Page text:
The idea of a seemingly perfect child who is really evil incarnate is an effectively chilling ploy, as "The Bad Seed" illustrated when it was first produced in 1954. Since then the device has been used in horror Theater films and television shows, and the phrase "bad seed" has almost attained the rank of cliche'.

But while the idea may be evergreen, the play, written by Maxwell Anderson from a novel by William March, is not, as a production currently running at the King's Jester Dinner Theater demonstrates. This is a formulaic play, written before realism flowered, in which the lines serve as announcements of plot developments and clues to the mystery are so obvious they might as well be written on a sign.

All the little tricks of foreshadowing, the characters who are types rather than people, and the predictable moments of suspense in "The Bad Seed" are reminiscent of standard TV fare. In 1954 it was hot stuff; today it seems awkward and artificial.

Given the problems inherent in such a work, it would take an extraordinary production to breathe life into it. This one never rises above the level of competence, although there are moments that begin to ignite. Betsy Nuell as the bereaved mother of The Bad Seed's second victim teeters on the brink of mawkishness but never falls in, providing some of the evening's few touching moments. And Diane Cord as the oversized and nosy upstairs neighbor gives us an interesting character you'd enjoy sitting down and gossiping with.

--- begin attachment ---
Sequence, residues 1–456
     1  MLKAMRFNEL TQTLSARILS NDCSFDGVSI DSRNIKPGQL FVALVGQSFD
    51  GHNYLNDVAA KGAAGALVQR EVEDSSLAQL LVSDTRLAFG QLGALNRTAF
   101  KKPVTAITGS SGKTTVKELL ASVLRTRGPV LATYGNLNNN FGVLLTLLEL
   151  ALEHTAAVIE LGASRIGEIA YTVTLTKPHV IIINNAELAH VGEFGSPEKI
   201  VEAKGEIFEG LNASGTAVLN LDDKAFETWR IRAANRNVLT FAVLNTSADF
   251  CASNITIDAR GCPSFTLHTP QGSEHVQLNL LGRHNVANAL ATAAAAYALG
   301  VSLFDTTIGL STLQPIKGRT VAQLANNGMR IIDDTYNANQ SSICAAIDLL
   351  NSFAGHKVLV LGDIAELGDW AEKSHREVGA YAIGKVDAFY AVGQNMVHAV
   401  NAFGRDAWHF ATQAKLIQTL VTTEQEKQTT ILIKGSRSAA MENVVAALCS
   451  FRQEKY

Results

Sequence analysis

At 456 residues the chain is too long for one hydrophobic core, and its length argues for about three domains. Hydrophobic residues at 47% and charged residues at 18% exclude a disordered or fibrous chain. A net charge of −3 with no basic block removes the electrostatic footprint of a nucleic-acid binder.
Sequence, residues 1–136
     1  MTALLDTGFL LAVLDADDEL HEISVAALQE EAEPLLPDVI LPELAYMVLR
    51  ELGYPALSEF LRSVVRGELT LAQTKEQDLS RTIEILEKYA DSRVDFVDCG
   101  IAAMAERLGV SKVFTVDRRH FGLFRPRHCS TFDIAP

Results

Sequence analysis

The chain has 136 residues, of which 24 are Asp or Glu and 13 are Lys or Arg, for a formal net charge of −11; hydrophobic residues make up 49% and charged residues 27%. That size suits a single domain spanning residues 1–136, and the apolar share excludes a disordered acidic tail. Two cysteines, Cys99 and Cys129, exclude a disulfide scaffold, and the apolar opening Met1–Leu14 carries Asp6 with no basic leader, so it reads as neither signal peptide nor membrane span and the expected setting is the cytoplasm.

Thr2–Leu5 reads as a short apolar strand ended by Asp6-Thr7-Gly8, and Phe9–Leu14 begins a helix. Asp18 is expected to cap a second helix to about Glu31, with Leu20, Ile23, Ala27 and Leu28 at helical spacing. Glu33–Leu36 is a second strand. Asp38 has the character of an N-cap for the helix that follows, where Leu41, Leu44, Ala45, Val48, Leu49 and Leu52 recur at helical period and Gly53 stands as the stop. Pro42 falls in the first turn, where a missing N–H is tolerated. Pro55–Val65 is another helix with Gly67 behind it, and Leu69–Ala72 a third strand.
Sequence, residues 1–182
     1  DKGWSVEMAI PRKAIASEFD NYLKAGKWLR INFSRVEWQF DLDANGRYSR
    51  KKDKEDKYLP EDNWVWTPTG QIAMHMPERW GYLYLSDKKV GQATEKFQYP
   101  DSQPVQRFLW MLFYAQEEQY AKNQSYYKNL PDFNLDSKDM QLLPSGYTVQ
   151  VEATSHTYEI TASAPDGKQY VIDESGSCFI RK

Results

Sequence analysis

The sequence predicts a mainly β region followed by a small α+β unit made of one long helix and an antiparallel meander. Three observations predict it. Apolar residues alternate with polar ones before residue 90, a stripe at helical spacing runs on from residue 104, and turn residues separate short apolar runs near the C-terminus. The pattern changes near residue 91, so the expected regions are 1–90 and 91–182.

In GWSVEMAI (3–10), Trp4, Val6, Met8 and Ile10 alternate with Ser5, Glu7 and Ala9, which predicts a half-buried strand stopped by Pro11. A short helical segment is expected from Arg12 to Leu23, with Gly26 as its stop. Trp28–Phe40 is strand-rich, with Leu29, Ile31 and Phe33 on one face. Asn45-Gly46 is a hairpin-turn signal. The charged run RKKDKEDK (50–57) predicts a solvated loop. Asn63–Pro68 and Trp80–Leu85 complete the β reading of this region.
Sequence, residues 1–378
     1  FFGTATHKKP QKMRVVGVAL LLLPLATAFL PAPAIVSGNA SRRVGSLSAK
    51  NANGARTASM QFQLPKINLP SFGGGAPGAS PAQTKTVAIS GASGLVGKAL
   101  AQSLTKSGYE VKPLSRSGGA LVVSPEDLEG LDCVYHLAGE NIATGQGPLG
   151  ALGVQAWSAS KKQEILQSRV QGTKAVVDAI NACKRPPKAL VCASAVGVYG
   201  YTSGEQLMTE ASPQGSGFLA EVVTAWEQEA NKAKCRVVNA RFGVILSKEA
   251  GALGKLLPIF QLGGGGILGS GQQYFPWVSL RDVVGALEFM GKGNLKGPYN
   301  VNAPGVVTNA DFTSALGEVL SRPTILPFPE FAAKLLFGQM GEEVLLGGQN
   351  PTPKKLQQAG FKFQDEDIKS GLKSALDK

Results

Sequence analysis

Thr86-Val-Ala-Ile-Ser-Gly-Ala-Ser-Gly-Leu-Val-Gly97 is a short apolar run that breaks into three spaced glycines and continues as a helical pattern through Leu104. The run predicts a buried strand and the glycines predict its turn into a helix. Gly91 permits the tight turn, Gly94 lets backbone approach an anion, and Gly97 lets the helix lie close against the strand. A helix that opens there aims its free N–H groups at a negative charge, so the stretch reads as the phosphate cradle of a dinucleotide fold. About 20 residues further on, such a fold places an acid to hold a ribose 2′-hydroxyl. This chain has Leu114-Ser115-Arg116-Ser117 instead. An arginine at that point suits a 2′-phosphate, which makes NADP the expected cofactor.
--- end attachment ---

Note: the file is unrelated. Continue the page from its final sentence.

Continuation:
Thirteen-year-old Kit Noonan is convincingly bratty as Rhoda, but the character seems abnormal to start with, thus reducing the impact of the discovery that she is really an amoral killer. Dianne Couves as her mother wears a perpetually worried expression that doesn't change as she goes from mild suspicion to horrible realization.

Director Norman Aronovic, who also plays the small part of the father, has kept things cooking at a good pace. What is lacking is the fine edge of terror.

The dinner buffet included roast turkey breast, veal stroganoff, Polynesian meatballs, flounder, Chateaubriand and coq au vin.

"The Bad Seed," by Maxwell Anderson, from a novel by William March, directed by Norman Aronovic, set by Don Gardiner and Lee Mills, costumes by Pat Emerson, with Kit Noonan, Norman Aronovic, Dianne Couves, Diane Cord, Robert Redlinger, Tom Adair, Fiona Macdonald, Richard Salamanca, Betsy Nuell, Art Ward and Bob Tron.

At the King's Jester Dinner Theater Friday, Saturday and Sunday through May 9.